The importance of electronic anti-money laundering checks
Martin Cheek (pictured) is managing director of SmartSearch
The European Commission proposed last week that there should be an EU-level agency to put pressure on national banking supervisors to investigate allegations of money laundering.
If given the go-ahead, the new plans see the European Banking Authority (EBA) given extra powers to impose sanctions on banks in member states that either don’t have the right policies and procedures in place or are complicit in money laundering.
The proposals follow a number of banking scandals such as the collapse of ABLV Bank in Latvia, the freezing of assets at Pilatus Bank in Malta following allegations against its Iranian owner and investigations such as the Panama Papers and the Global Laundromat series, which involved the movement of £16bn in dirty funds from Russia.
These recent scandals have highlighted the poor AML supervision in these member states, and the lack of cross-border cooperation between the different enforcement agencies in each country and this, in turn, has completely undermined trust in each country’s ability to enforce its own anti-money laundering rules.
And it is true; money laundering supervision is very patchy across Europe with inconsistent oversight which is not helped by the fact that the European Money Laundering legislation comes in the form of a Directive as opposed to a regulation.
Currently, each member state is left to amend existing legislation – or create new ones – which means there is often an inconsistent approach to both the law and supervision in each country.
Under the new plan, the current AML resources that are currently spread across different EU authorities would centralise within the EBA which would then become the “data-hub on money laundering supervision in the Union.
The EBA would also regularly assess the performance of national authorities and would have powers to request investigations into specific banks and could force them to respect EU rules.
We know money laundering is a huge threat, with the International Money Laundering Information Bureau (IMLIB) estimating that money laundering is the world’s third largest industry by value.
Valdis Dombrovskis, vice-president for financial services policy at the commission says that anti-money laundering supervision has “failed all too often in the EU” and that enhancing the powers of the EBA would ensure that all the different authorities work together to exchange information and that AML rules are “enforced effectively across EU countries”.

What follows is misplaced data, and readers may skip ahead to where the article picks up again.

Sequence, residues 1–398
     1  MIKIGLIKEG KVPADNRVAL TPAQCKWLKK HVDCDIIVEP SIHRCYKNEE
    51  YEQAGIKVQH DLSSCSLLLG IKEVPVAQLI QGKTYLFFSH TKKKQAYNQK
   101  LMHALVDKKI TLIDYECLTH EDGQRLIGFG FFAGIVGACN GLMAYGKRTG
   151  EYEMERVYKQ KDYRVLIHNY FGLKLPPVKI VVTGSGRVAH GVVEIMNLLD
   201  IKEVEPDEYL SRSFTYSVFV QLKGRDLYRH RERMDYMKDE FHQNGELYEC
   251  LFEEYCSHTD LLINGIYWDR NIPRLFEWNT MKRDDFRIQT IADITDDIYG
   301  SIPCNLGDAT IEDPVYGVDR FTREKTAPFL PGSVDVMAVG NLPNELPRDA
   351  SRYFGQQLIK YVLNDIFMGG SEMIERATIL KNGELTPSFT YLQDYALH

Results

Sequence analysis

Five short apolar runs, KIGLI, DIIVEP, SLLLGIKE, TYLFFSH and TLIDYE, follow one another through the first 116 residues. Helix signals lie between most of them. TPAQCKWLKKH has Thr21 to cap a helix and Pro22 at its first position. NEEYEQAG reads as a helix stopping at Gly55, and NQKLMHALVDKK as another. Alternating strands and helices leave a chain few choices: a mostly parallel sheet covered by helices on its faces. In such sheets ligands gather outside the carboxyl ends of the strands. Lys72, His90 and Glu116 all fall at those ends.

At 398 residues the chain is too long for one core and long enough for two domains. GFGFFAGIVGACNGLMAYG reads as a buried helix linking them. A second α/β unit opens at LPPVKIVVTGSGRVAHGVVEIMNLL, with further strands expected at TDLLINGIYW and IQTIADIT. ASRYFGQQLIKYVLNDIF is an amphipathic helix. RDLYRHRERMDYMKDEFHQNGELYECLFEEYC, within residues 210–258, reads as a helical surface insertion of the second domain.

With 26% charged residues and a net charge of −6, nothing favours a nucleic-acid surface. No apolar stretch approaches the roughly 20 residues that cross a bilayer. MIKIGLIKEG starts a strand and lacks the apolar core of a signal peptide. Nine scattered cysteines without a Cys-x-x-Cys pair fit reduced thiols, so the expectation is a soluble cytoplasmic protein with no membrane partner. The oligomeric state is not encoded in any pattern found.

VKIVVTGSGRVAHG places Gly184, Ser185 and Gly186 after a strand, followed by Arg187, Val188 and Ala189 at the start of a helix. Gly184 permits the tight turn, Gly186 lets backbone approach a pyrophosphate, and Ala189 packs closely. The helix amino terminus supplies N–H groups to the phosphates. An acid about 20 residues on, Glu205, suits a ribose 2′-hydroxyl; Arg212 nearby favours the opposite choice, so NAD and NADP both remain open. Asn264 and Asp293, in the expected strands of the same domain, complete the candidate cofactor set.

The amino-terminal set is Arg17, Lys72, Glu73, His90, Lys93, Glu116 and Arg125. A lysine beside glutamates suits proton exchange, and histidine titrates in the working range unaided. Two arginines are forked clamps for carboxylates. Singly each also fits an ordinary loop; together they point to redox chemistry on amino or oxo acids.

Clearly, something needs to be done, because the lack of cooperation and consistency across the EU is allowing dirty money to flow from countries with high levels of corruption into Europe.
Centralising everything under one umbrella certainly makes sense. A new permanent committee, whose aim is to bring together national money laundering supervisors is, therefore, a really positive move.
But, it is only one part of the solution. It is all very well demanding that banks have the right policies in place, but with money launderers getting cleverer and cleverer, how can banks ensure they have the right systems in place to stop them? The answer is simple – electronic identification.
Electronic identification is now widely recognised as the most reliable, secure and efficient source of information for identity solutions, and is the only option for a failsafe system that will guarantee to recognise fraudulent documents and AML activity.
The Fifth Money-Laundering Directive calls electronic identification means to verify customer information where available, and as fraudulent documents become even more sophisticated they will eventually become impossible to spot with manual checks and electronic identification will have to become mandatory.
With this new central AML agency proposed – which could see a huge clamp down on banks that are have not got the correct processes in place – there has never been a better time for firms to ensure they have appropriate AML systems in place.